Global temperature has risen less than 1 degreeC since the late 1800's, and not at all in the last 17 years, even while the CO2 level has been rising by 0.5% per annum. New Zealand produces less than 0.1% ( 1 part per 1000) of world anthropogenic CO2 emissions, of which its gas use provides about ¼. In the event of an economic gas discovery offshore Dunedin, this figure might rise a bit over the longer term, to slightly more than sfa of global output. At the same time, reputable satellite based studies have demonstrated a marked greening of the world over the last quarter century, courtesy of increased CO2 - trees and plants like it!

So for you to talk about ‘environmental destruction' with respect to an offshore Dunedin gas discovery is hyperbole. Given NZ's energy mix and limitations, the substitute for gas fired electricity generation in the future will dominantly be coal or nuclear. To me, you seem to be espousing anti- gas nimbyism masquerading as misplaced concern for global temperature change.

Water vapor greenhouse

Styly1: Here on earth, water vapor keeps us warm, not carbon dioxide and not methane. As a greenhouse gas, carbon dioxide is ineffective compared to water vapor; also methane is even more dominated by water vapor because water vapor is more plentiful and because the wavelengths of outgoing heat that are absorbed by methane are also absorbed by water vapor. In the presence of water vapor methane and carbon dioxide are not significant greenhouse gasses.

Another reason why you should not be concerned is that methane in the atmosphere decomposes into carbon dioxide after a few years.

Read my lips

The only clean burning fossil fuel I know is methane, which we need to start capturing and using before it enters the atmosphere. This is the really big bad green house gas which will change the climate irreversably and is being released by the melting permafrost amongst other things. Just for those who don't understand the climate cycle pre ice age it's warming and then freezing as more and more methane is released.

Clean sweep

Well, Velcro. What you call "sweeping assertions" most people would call phenomena clearly associated with anthropogenic global warming, to which the burning of fossil fuels - including natural gas - makes an enormous contribution. This is not controversial in the civilised world: it is neither misleading nor unproven. As you know.

The argument on this page seems rather to be about whether a particular form of economic activity should be encouraged *knowing full well* that it is environmentally destructive. Mr Whiley thinks it ought to be, Jinty McTavish has an eye to the future and thinks it ought not. My original post was simply to express support in Ms McTavish, a councillor who has the interests of future generations at heart.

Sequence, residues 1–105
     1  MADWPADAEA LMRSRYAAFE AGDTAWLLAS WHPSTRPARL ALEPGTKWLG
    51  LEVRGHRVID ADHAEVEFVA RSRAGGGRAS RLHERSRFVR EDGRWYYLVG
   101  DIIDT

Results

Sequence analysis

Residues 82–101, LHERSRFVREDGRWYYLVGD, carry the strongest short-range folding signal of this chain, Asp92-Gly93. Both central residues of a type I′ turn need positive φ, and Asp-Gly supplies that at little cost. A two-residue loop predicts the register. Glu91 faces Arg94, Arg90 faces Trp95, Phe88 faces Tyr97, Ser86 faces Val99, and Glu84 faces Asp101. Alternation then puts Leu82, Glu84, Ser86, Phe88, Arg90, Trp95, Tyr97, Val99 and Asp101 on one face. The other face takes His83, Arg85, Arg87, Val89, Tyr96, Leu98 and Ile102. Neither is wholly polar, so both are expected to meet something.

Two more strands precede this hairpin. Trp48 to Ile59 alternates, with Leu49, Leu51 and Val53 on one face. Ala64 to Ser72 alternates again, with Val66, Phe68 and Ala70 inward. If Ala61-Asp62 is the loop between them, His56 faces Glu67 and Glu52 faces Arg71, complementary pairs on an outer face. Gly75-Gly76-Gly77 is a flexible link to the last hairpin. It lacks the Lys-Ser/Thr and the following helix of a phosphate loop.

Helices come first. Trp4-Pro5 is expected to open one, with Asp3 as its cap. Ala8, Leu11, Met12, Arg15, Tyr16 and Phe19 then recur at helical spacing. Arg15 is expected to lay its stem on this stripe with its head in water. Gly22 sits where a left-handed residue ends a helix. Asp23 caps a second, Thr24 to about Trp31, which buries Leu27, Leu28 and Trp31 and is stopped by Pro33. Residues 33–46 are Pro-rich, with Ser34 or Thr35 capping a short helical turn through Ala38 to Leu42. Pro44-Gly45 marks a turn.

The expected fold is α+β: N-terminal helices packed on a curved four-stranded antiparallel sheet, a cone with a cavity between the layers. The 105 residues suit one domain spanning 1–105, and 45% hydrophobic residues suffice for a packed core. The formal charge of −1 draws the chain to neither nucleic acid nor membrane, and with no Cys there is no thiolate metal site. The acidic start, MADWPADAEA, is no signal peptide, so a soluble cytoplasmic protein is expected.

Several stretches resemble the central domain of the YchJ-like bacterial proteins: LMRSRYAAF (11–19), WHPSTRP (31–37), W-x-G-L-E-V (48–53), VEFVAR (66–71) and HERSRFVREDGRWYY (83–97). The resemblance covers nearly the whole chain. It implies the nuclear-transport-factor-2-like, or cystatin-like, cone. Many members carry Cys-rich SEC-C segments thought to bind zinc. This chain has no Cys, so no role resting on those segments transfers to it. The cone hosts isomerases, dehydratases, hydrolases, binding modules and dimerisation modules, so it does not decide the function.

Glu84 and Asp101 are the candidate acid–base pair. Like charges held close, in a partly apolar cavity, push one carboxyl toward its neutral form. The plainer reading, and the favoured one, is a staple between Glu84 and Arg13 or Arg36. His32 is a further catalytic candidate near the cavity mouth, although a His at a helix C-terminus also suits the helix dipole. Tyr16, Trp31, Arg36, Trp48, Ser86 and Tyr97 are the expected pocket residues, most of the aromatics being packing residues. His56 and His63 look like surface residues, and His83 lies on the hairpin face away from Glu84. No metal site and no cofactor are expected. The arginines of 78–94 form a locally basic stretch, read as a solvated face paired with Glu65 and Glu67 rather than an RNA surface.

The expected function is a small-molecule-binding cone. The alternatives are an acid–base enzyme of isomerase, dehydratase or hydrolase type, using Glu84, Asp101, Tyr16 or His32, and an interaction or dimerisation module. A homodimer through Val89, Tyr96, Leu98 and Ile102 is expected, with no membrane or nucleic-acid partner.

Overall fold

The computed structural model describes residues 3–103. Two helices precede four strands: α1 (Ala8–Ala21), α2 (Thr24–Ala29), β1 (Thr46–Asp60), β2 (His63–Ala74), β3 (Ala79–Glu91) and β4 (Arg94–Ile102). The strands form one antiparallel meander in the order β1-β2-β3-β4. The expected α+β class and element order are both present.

Back at the scaremongers

Just ProGas? Fine. I googled the name before I contributed in order to check and my eye fell on the "Pro Oil and Gas" name used in David Farrar's Kiwiblog. Just goes to show that if you're interested in accuracy you shouldn't look to the Right. 

I'm not sure what the "anti-oil" argument is supposed to be that I have lost. Do you mean the "anti-fossil fuel" argument? That debate is alive and well - your contribution here testifies to it.

No one would deny that gas is cleaner burning but it is light years from being a "green" source of energy. When you say it is the "greenest" of the fossil fuels I think you mean it is the "least worst."

In any case, it is not an "either or" situation (either gas or coal/oil) but rather a cumulative one (gas and coal and oil). There is, for example, no evidence to suggest that the current global boom in natural gas extraction is doing anything to slow the burning of coal. Consider the situation in the US: coal formerly destined for thermal electricity generation is now just exported.

Sweeping assertions

Well, Peter. You make a number of sweeping assertions there, but justify none of them. And you misquote the IPPC's figure on economic impacts, which has been discredited anyway. Stick to the issue at hand rather than spout misleading and unproven global generalities, would be my advice.

The McTavish Crusade 2

Apart from the fact that burning petroleum fuels doesn't cause any significant global warming, there is another reason why Jinty McTavish and her associates are wrong in saying that increasing our oil reserves results in more global warming (paraphrased).

She is wrong because increasing the reserves doesn't increase petroleum consumption. In other words the amount of oil and gas being sold per month is independent of how much is still in the ground.